34. Li, C. I., Lin, C. H., Lin, W. Y., Liu, C. S., Chang, C. K., Meng, N. H., Lee, Y. D., Li, T. C. & Lin, C. C. Successful aging defined by health-related quality of life and its determinants in community-dwelling elders. BMC public health, 2014;14(1), 1-8.
35. Ma, L., Tang, Z., Zhang, L., Sun, F., Li, Y., & Chan, P. Prevalence of frailty and associated factors in the community-dwelling population of China. Journal of the American Geriatrics Society, 2018;66(3), 559-564.
36. Yu, P., Song, X., Shi, J., Mitnitski, A., Tang, Z., Fang, X., & Rockwood, K. Frailty and survival of older Chinese adults in urban and rural areas: results from the Beijing Longitudinal Study of Aging. Archives of gerontology and geriatrics, 2012;54(1), 3-8.
37. Gobbens, R. J. J., Luijkx, K. G., Wijnen-Sponselee, M. T., & Schols, J. M. G. A. Towards an integral conceptual model of frailty. The journal of nutrition, health & aging, 2010;14(3), 175-181.
38. Zhang, X. H., Yang, Y., Zhang, C. M., Luo, R. Z., & Liu, Y. H. Development of a frailty scale for elderly people in China. Chinese Nursing Research, 2017;4(2), 64-70.
39. World Health Organization, 1998. Programme on mental health: WHOQOL user manual (No. WHO/HIS/HSI Rev. 2012.03). World Health Organization.
40. Xia, P., Li, N., Hau, K. T., Liu, C., & Lu, Y. Quality of life of Chinese urban community residents: a psychometric study of the mainland Chinese version of the WHOQOL-BREF. BMC medical research methodology, 2012;12(1), 1-11.
41. de Jong Gierveld, J. A review of loneliness: concept and definitions, determinants and consequences. Reviews in Clinical Gerontology, 1998;8(1), 73-80.
42. Weiss, R. S. 1973. Loneliness: The experience of emotional and social isolation.
43. de Jong Gierveld, J., & van Tilburg, T.G. 1999. Manual of the loneliness scale. Department of Social Research Methodology, Vrije Universiteit Amsterdam. (updated version 19-5-2020).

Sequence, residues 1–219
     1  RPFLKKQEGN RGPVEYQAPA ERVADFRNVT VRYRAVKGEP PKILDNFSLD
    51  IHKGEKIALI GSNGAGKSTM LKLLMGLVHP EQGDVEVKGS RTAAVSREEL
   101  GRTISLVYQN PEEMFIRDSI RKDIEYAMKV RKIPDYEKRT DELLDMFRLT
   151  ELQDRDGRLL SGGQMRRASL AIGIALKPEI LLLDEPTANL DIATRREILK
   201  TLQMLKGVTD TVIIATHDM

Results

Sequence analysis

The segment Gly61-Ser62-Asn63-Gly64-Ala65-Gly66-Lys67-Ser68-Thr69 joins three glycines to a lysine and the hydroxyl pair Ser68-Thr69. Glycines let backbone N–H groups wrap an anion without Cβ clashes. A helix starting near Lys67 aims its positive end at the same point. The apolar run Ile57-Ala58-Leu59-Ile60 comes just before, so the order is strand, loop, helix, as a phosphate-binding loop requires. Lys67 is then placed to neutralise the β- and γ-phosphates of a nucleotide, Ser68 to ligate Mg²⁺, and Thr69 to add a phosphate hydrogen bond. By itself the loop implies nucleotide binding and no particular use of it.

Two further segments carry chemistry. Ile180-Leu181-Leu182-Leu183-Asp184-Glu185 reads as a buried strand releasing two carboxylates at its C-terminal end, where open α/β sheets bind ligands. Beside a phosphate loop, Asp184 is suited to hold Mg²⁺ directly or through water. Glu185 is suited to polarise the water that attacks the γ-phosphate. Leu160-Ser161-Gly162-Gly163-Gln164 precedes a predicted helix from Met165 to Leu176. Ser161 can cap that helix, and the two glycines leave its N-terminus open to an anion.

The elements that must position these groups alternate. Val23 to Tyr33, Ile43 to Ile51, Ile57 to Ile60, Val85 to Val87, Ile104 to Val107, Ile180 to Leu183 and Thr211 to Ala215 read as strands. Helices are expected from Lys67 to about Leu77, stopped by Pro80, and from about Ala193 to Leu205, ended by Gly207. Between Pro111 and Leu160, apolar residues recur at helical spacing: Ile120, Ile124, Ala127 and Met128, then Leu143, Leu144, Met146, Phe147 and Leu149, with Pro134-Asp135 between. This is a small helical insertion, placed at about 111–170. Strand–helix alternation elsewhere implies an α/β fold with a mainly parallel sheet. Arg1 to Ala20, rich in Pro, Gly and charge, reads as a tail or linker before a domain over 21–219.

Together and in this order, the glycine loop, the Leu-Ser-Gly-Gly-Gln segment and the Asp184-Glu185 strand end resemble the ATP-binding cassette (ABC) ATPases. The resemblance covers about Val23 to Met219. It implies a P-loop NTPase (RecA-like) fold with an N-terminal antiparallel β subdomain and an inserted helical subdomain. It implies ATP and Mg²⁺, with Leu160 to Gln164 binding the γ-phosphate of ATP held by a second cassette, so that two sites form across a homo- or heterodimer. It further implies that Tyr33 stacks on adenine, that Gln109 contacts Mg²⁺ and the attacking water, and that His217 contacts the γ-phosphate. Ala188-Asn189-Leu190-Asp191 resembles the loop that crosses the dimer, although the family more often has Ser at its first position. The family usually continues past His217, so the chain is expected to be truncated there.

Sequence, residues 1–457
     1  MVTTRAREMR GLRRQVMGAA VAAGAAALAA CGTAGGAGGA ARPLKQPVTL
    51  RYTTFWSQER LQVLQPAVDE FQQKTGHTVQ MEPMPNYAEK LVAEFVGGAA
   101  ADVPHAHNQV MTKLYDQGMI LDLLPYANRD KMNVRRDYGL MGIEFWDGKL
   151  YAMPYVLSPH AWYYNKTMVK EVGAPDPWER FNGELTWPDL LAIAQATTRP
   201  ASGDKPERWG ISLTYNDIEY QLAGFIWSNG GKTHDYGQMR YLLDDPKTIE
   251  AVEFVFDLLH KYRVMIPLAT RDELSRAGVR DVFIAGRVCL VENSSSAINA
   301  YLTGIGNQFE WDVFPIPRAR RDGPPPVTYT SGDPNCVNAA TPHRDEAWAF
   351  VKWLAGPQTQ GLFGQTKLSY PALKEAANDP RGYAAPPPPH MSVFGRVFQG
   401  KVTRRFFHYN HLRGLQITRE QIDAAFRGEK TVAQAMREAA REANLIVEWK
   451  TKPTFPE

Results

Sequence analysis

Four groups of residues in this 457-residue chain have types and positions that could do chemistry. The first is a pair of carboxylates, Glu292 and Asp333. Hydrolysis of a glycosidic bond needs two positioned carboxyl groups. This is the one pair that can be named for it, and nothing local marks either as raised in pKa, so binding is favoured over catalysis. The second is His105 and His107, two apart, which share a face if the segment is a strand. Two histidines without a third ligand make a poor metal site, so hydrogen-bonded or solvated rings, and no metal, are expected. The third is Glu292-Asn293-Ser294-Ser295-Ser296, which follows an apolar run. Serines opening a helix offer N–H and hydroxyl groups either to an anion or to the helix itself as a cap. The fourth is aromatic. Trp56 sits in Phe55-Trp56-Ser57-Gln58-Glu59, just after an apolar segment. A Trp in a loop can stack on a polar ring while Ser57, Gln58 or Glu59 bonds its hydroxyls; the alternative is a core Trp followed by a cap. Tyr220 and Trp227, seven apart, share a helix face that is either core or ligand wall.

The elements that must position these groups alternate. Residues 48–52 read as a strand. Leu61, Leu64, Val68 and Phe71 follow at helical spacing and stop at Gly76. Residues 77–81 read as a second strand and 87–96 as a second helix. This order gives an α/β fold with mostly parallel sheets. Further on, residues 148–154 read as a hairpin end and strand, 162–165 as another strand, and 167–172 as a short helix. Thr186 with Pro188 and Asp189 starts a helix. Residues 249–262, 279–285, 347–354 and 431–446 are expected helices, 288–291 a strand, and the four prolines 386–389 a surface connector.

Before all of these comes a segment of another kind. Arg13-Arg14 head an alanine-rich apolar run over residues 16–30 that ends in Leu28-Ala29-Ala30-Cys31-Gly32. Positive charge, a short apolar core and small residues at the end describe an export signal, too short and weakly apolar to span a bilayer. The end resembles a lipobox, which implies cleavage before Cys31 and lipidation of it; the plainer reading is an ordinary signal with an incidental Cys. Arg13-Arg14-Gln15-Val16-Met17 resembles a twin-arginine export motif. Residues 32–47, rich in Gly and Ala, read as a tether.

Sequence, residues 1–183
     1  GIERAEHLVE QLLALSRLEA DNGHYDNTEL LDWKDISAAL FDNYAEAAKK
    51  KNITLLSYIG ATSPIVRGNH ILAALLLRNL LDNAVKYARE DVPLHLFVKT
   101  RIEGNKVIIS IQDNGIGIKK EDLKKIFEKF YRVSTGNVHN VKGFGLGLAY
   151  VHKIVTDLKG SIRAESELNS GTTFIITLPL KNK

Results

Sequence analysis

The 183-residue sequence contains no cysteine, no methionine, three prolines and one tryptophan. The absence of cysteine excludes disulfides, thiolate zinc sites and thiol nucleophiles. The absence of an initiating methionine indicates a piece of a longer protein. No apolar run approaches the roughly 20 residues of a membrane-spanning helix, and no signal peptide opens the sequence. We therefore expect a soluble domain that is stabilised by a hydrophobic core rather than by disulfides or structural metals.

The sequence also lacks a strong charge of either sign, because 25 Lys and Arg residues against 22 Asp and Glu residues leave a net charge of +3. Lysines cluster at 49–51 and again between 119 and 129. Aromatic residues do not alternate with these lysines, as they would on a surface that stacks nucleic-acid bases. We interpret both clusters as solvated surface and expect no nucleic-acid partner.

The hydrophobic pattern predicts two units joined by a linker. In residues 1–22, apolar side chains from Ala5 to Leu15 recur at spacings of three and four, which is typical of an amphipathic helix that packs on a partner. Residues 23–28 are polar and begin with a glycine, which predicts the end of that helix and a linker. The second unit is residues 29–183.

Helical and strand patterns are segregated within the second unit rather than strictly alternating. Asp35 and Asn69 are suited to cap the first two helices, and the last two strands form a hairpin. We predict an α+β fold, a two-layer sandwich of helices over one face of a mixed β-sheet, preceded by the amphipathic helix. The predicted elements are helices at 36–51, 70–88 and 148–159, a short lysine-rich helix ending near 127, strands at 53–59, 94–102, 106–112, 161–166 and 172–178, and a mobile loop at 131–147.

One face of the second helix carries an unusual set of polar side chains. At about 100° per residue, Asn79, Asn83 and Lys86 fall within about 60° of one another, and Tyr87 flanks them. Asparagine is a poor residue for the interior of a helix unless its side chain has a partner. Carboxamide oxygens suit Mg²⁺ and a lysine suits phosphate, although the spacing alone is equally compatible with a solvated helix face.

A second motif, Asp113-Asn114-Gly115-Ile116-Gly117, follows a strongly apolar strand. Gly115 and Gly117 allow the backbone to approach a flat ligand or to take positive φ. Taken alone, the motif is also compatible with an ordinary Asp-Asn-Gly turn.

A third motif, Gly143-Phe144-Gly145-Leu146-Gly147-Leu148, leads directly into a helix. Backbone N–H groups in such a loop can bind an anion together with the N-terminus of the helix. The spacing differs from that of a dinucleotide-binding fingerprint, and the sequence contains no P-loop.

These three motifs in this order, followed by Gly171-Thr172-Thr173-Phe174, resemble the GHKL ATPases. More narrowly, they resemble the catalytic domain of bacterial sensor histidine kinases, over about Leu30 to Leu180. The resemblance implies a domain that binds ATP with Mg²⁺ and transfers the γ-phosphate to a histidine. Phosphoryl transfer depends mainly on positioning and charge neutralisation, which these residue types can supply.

44. Navarro, D. J. 2015. Learning statistics with R: A tutorial for psychology students and other beginners. (Version 0.5) University of Adelaide. Adelaide, Australia
45. Cohen, J. 1988. Statistical Power Analysis for the Behavioral Sciences. Hillsdle.
46. Harrell Jr, F. E., & Harrell Jr, M. F. E. Package ‘hmisc’. CRAN2018, 2019, 235-236.
47. Epskamp, S., Cramer, A. O., Waldorp, L. J., Schmittmann, V. D., & Borsboom, D. qgraph: Network visualizations of relationships in psychometric data. Journal of statistical software, 2012;48(4), 1-18.
48. Bowling, A., Seetai, S., Morris, R., & Ebrahim, S. Quality of life among older people with poor functioning. The influence of perceived control over life. Age and ageing, 2007;36(3), 310-315.
49. Puts, M. T. E., Shekary, N., Widdershoven, G., Heldens, J., Lips, P., & Deeg, D. J. H. What does quality of life mean to older frail and non-frail community-dwelling adults in the Netherlands?. Quality of life Research, 2007;16(2), 263-277.
50. Brüß, J. Experiences of discrimination reported by Turkish, Moroccan and Bangladeshi Muslims in three European cities. Journal of Ethnic and Migration Studies, 2008;34(6), 875-894. https://doi.org/10.1080/13691830802211166
51. Cook, J. Exploring older women’s citizenship: understanding the impact of migration in later life. Ageing & Society, 2010;30(2), 253-273. https://doi.org/10.1017/S0144686X09990195